The program will last 4 weeks and include two 1-hour sessions per week of supervised peer-to-peer gaming. Further details of the program prescription are shown in Multimedia Appendix 1. Participants will use an Oculus Quest 2 headset to meet peers and 2 coaches (a gaming coach and a mindfulness coach) in an online virtual private party. Each session will include participation in one of several games, including RecRoom (a massive online multiplayer game with countless social and active gaming experiences), VRChat (a game focused on building social relationships), Beat Saber (a rhythmic music-to-movement game), and After the Fall (a cooperative first-person shooter). Each session will include a 5-minute introduction that will include behavior change and mindfulness coaching to promote autonomy, competence, and relatedness through a respectful, cohesive, and positive atmosphere (strategies framed by the self-determination theory [20-22], learned from the mindfulness coaching workshops hosted by the National Center on Health, Physical Activity and Disability). Some of the mindfulness-based strategies will include guided breathing focused exercises, body scanning, meditation, and acceptance of social anxiety and shyness. Game order prescriptions (ie, duration, intensity, time, and type) will be conducted on a learn-as-you-go approach based on participants’ preferences.


Baseline participant characteristics will include age, sex, and ethnicity. Aim 1 measures will include the Children’s Depression Inventory 2 Short Form, a measure of feelings of depression with strong psychometric properties among adolescents with and without disabilities [23,24], and version 3 of the UCLA Loneliness Scale 20 items (UCLA-20) [25-27]. The UCLA-20, version 3, is a measure of both loneliness and social isolation with strong psychometric properties among a variety of age groups and disability groups [27,28]. These measures will be completed at baseline and post intervention (week 5).

Aim 2 will be evaluated through feasibility metrics: recruitment rates, implementation and resource management issues, participant attendance in class (percent of classes attended divided by the total) and outside of class (play time not within the scheduled class sessions), and program satisfaction and enjoyment. Two components of satisfaction will be measured, namely, satisfaction with program delivery and satisfaction with playing with others. Both components will be measured by Likert scale surveys (Multimedia Appendix 2). Survey questions for program delivery will ask participants how satisfied they were with social interactions, online gameplay, and how classes were conducted by the instructors. Survey questions for “playing with others” will ask participants if and how often they played with both peers and people outside of class, and the strength of the friendships or relationships that were created. Overall enjoyment of the program will be measured in a similar manner with a single Likert scale question (Multimedia Appendix 2).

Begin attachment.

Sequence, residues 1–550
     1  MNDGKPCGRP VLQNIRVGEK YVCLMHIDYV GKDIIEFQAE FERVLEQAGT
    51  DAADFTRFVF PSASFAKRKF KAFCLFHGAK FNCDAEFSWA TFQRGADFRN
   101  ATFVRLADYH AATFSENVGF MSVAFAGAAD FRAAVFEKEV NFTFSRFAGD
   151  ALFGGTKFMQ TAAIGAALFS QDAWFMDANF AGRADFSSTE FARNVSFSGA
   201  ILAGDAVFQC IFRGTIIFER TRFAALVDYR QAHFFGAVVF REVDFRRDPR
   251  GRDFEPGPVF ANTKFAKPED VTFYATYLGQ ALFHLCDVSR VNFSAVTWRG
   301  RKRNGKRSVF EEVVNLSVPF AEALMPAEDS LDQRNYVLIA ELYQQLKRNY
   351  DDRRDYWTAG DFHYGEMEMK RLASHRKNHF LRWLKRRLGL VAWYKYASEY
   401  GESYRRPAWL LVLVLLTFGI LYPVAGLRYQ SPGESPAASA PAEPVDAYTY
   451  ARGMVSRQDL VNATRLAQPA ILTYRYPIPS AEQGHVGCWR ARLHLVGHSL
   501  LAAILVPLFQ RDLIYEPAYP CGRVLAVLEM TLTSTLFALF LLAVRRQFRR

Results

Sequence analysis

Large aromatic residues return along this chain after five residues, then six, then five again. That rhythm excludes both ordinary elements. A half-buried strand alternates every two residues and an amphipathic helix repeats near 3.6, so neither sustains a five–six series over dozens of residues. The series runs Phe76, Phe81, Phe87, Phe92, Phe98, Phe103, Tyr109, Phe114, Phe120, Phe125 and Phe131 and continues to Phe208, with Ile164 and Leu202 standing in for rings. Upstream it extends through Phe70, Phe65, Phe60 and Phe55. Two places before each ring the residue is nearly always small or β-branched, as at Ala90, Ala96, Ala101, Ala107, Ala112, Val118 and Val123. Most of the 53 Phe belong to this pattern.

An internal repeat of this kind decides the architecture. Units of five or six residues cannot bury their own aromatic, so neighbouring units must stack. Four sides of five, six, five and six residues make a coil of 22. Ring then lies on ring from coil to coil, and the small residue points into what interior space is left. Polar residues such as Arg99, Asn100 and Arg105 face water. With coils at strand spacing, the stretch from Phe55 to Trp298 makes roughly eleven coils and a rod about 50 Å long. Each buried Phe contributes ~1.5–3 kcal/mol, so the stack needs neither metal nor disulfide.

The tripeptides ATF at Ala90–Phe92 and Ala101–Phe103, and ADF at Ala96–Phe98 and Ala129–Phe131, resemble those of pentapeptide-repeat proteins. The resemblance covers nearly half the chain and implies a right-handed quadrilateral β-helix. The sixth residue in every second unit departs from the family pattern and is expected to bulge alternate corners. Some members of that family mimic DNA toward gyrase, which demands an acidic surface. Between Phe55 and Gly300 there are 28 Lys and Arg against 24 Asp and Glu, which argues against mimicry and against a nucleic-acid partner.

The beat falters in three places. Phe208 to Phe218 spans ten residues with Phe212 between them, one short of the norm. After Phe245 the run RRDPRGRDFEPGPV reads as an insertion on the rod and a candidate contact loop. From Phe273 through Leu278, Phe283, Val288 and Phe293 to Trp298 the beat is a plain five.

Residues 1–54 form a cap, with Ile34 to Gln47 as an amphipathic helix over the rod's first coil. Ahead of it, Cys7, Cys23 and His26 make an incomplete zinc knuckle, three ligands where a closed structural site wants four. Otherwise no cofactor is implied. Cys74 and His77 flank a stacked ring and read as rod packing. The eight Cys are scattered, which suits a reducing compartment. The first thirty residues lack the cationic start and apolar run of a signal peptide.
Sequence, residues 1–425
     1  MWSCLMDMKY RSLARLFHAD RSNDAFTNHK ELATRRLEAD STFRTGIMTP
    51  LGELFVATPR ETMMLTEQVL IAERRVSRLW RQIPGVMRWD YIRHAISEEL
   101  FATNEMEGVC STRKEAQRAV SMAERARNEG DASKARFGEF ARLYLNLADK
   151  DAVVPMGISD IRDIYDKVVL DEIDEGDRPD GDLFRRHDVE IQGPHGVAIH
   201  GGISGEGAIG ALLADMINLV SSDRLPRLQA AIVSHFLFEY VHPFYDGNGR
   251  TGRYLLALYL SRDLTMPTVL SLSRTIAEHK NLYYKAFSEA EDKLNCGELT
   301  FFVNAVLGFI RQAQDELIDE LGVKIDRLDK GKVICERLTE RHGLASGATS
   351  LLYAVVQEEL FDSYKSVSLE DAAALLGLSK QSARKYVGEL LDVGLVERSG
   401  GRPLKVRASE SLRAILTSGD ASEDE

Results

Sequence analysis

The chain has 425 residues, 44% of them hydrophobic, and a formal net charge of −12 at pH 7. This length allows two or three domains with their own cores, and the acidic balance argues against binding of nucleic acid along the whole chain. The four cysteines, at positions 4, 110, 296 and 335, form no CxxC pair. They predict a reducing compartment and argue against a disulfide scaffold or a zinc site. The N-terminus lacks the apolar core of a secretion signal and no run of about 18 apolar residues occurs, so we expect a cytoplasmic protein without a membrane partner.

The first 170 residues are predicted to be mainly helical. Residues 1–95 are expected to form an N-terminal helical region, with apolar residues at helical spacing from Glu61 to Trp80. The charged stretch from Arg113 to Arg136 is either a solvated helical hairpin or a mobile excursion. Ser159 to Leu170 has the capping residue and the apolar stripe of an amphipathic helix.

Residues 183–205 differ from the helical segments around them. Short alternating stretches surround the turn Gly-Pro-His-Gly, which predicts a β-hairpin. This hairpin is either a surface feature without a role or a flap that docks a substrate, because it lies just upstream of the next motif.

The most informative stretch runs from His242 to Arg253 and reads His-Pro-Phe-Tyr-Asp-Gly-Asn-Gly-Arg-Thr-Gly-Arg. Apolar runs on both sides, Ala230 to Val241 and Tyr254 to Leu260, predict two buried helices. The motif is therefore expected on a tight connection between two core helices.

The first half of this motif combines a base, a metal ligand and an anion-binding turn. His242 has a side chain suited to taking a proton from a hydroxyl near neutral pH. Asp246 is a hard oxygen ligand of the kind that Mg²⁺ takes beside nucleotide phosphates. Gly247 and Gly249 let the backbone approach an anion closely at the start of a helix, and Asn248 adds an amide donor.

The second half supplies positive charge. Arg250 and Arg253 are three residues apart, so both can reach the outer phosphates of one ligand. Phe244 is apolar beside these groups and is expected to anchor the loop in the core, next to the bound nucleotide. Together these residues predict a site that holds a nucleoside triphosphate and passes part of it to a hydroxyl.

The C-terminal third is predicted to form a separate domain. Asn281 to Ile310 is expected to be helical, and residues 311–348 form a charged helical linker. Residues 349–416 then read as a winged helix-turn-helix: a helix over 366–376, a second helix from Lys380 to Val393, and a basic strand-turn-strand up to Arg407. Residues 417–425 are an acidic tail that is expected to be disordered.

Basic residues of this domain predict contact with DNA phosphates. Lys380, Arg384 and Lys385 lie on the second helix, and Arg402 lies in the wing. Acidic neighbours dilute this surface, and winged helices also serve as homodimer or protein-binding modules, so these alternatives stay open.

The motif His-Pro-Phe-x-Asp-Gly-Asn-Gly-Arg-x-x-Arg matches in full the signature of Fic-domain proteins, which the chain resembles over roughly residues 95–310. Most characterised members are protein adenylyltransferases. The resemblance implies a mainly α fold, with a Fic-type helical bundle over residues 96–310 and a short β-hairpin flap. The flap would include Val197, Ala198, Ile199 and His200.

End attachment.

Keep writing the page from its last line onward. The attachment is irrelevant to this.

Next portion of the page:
Aim 3 will be measured through one-on-one semistructured interviews of participants’ perceptions of the program. Interviews will be conducted via phone call with the participant and principal investigator (BL). Interviews will last up to 30 minutes and contain 10 general questions, examining barriers and facilitators to adherence, likes and dislikes with the program and equipment, and recommendations to improve the program (Multimedia Appendix 3). General questions will include follow-up questions that probe underlying behavioral mechanisms to participation and perceived benefits to participation. The interviewer (BL) has completed over 400 interviews related to disability and exercise. Interviews will be audio recorded and then transcribed for analysis. The qualitative component will be published in a secondary analysis publication.


The research team’s philosophical assumptions will align with dialectical pluralism [29]. This paradigm posits that the research team should hold separate theoretical perspectives for the quantitative and qualitative methods. The research team will conduct the quantitative component of the study under the conventional positivism perspective, while the qualitative component will be conducted under an interpretivist perspective.

As a preliminary study, the study is not powered for efficacy. Instead, the findings will provide outcome estimates that will inform sample size and design considerations for a larger trial. Descriptive statistics for all quantitative outcomes will include means, SDs, effect sizes, box and whisker plots, and 95% CIs as appropriate. Aim 1 will include t tests to compare pre-to-post changes in survey scores. Aim 2 feasibility metrics will be reported in a descriptive manner with no a priori criteria for acceptability.